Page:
Indiana Statehouse Public Art Collection

From Wikipedia, the free encyclopedia
Jump to: navigation, search
For a list of artworks in the collection, see List of public art at the Indiana Statehouse.
The Oliver P. Morton Monument is visible at the main entrance to the Indiana Statehouse

The Indiana Statehouse Public Art Collection, located in Indianapolis, Indiana, consists of more than 40 public artworks that are on display inside and around the grounds of Indiana Statehouse and the Indiana Government Center North and Indiana Government Center South.

The Statehouse was built in 1888 and remains one of the most important Neo-Classical Revival buildings in the state of Indiana.[1] The building, which is listed on the National Register of Historic Places, has an interior that is decorated in the Italian Renaissance style.

The artworks at the Indiana Statehouse illustrate more than 130 years of artistic activity in a variety of mediums.

Grounds[edit]

The sculptures on the east and south lawn of the Statehouse are the most visible of all. Notable artworks include the Oliver P. Morton Monument, which was installed in 1907.[2] Also on the grounds are sculptures of Christopher Columbus, a youthful Abraham Lincoln, Thomas A. Hendricks, and the pedestal remaining from the Robert Dale Owen Memorial, an artwork which was stolen in 1970.[3]

Inside the Statehouse and Government Centers[edit]

Two of the eight sculptures depicting the Values of Civilization

Alexander Doyle's set of eight sculptures depicting the Values of Civilization (Agriculture, Art, Commerce, History, Justice, Law, Liberty, and Oratory) were commissioned for the Statehouse in the late 1880s and remain among the most prominent interior sculptures.[4] Other notable works include many portrait busts and bronze plaques of Indiana governors and notable citizens. There is a 21 x 41.5 foot mural depicting the Spirit of Indiana on the east wall of the Indiana House of Representatives and a figural representation of state of Indiana which was commissioned for the 1893 World's Columbian Exposition.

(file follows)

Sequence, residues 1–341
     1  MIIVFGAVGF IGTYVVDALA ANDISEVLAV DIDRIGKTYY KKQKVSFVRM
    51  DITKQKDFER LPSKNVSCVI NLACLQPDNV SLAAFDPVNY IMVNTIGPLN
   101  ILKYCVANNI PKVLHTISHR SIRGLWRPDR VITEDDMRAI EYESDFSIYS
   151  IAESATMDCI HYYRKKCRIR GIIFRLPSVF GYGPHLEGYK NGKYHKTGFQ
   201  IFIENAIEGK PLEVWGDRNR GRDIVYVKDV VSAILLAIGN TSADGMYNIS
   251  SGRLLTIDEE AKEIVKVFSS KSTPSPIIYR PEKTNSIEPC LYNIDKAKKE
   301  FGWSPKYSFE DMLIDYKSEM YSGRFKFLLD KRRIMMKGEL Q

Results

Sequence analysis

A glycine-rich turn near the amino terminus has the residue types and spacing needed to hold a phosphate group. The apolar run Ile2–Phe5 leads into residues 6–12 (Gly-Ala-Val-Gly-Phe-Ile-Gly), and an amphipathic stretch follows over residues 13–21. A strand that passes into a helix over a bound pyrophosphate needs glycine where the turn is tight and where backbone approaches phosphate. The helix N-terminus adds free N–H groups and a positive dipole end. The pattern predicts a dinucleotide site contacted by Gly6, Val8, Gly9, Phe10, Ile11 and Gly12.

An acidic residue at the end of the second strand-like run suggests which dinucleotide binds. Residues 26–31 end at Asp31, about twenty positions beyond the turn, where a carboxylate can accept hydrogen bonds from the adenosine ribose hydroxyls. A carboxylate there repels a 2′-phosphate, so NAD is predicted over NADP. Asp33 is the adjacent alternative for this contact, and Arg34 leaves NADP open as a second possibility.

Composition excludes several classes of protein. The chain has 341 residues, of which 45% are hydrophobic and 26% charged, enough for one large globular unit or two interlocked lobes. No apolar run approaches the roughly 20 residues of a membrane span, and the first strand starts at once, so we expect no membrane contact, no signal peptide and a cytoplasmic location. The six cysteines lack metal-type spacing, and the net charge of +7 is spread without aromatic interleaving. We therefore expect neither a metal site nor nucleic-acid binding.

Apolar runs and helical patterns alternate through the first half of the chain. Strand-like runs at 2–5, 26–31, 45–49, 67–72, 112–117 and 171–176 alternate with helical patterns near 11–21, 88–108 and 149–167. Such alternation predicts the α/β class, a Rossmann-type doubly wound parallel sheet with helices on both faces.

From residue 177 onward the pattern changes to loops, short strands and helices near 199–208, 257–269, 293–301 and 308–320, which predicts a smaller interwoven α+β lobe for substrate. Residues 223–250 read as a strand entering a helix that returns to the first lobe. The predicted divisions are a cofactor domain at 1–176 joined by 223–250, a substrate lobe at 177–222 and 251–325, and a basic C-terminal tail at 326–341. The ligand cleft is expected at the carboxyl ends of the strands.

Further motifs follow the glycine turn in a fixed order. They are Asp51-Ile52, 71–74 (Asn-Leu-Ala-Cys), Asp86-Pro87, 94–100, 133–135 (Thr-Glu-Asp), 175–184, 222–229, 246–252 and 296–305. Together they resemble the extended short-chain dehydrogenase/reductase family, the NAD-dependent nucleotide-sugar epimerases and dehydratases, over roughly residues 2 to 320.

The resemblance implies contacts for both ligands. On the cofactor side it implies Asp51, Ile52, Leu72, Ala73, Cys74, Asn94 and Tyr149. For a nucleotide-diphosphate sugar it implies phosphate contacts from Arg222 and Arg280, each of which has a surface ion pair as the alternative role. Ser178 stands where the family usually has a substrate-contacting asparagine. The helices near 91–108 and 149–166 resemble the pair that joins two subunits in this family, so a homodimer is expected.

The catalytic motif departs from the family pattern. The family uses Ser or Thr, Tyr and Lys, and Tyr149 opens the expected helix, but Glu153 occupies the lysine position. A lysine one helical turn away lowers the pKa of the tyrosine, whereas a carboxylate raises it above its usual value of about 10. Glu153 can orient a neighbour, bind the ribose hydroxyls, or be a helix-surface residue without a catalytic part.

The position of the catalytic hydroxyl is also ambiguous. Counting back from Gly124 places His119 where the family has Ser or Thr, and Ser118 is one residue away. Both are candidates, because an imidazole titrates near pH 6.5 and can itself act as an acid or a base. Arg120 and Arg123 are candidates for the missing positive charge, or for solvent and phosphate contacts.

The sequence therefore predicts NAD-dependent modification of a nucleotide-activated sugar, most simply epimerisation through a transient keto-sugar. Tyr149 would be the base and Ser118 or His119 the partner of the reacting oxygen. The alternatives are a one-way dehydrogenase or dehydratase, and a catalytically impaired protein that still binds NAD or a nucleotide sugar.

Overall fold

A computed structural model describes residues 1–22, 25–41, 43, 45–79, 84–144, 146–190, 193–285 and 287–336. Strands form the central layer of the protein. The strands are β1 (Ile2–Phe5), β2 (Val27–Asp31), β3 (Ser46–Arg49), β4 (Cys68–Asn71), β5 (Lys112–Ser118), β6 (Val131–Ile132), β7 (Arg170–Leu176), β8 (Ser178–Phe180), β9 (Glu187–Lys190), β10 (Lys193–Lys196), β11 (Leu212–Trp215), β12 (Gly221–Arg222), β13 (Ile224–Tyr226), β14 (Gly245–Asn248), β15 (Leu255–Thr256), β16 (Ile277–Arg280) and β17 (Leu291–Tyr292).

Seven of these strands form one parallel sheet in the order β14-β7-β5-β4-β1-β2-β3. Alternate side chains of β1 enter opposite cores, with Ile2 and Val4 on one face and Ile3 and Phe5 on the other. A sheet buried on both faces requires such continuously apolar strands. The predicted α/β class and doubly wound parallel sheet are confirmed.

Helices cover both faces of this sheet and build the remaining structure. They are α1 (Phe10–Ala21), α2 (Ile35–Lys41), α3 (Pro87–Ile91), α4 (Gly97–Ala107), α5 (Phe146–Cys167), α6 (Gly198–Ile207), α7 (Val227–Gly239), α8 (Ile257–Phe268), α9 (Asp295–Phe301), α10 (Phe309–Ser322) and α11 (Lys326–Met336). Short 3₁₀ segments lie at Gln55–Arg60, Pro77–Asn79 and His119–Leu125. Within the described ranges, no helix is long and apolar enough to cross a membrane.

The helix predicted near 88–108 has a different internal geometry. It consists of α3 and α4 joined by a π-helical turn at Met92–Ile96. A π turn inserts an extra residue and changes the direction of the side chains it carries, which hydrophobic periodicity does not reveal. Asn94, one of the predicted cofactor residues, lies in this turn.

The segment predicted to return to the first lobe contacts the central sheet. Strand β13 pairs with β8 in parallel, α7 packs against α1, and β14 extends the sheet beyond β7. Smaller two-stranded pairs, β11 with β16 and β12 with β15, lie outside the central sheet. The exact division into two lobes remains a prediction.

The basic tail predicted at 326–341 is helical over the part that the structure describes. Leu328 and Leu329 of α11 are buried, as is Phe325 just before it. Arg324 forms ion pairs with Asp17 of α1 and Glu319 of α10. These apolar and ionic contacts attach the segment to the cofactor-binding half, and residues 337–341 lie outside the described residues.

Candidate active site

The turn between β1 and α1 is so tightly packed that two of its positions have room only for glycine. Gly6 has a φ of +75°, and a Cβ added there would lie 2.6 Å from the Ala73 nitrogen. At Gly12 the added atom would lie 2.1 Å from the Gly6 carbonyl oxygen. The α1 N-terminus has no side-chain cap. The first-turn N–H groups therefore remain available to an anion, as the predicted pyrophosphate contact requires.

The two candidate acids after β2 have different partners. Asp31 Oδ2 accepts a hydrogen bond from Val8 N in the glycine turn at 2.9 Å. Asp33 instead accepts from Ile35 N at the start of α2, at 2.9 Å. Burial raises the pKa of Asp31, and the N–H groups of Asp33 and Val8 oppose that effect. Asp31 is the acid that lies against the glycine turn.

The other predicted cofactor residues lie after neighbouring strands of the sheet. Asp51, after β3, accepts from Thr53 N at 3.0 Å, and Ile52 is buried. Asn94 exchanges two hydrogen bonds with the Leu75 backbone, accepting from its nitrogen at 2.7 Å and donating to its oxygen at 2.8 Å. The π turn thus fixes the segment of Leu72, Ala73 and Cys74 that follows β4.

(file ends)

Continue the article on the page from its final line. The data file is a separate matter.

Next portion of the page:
Image gallery[edit]

Documentation[edit]

The Indiana State Museum maintains a computerized database of many of the artworks at and around the Statehouse. In addition, a Fall 2010 Museum Studies course at IUPUI undertook the project of researching, photo documenting, and reporting on the condition of artworks.[5]

This effort was influenced by the successful Save Outdoor Sculpture! 1989 campaign organized by Heritage Preservation: The National Institute of Conservation partnered with the Smithsonian Institution, specifically the Smithsonian American Art Museum. Throughout the 1990s, over 7,000 volunteers nationwide cataloged and assessed the condition of over 30,000 publicly accessible statues, monuments, and sculptures installed as outdoor public art across the United States.[6]

The project of documenting this collection was based on the work that was done to document the IUPUI Public Art Collection, which was completed in the fall of 2009 and received national recognition.[7]

Recognition of project[edit]

Representative Saunders presents the Concurrent Resolution to instructor Richard McCoy and students of the IUPUI Museums Studies Program

The work to assemble documentation of these artworks was recognized by the Indiana Senate and House of Representatives, who each issued a Concurrent Resolution (sponsored by Senator Jim Merritt and Representative Tom Saunders) to recognize the "valuable work being done by Richard McCoy and the students enrolled in the IUPUI Museum Studies Collections Care and Management course."[8]

See also[edit]

References[edit]

  1. ^ "Indiana Statehouse". National Park Services. Retrieved December 4, 2010. 
  2. ^ Save Outdoor Sculptures! (1993). "Oliver P. Morton (sculpture)". SOS!. Smithsonian. Retrieved June 6, 2010. 
  3. ^ "The Indiana Statehouse: A Self-Guided Tour". Retrieved October 27, 2010. 
  4. ^ Indiana State House Building Commission Minutes,August 17, 1887.
  5. ^ "IUPUI Museum Studies students document artwork at Indiana State House". IU News Room. November 29, 2010. Retrieved December 16, 2010. 
  6. ^ "About SOS!". heritagepreservation.org. 2009. Retrieved December 18, 2009. 
  7. ^ Miller, Mary Helen (April 4, 2010). "Scholars Use Wikipedia to Save Public Art From the Dustbin of History". The Chronicle of Higher Education. Retrieved December 16, 2010. 
  8. ^ "The Signpost". Wikimedia Foundation. January 31, 2011. Retrieved February 5, 2011. 

External links[edit]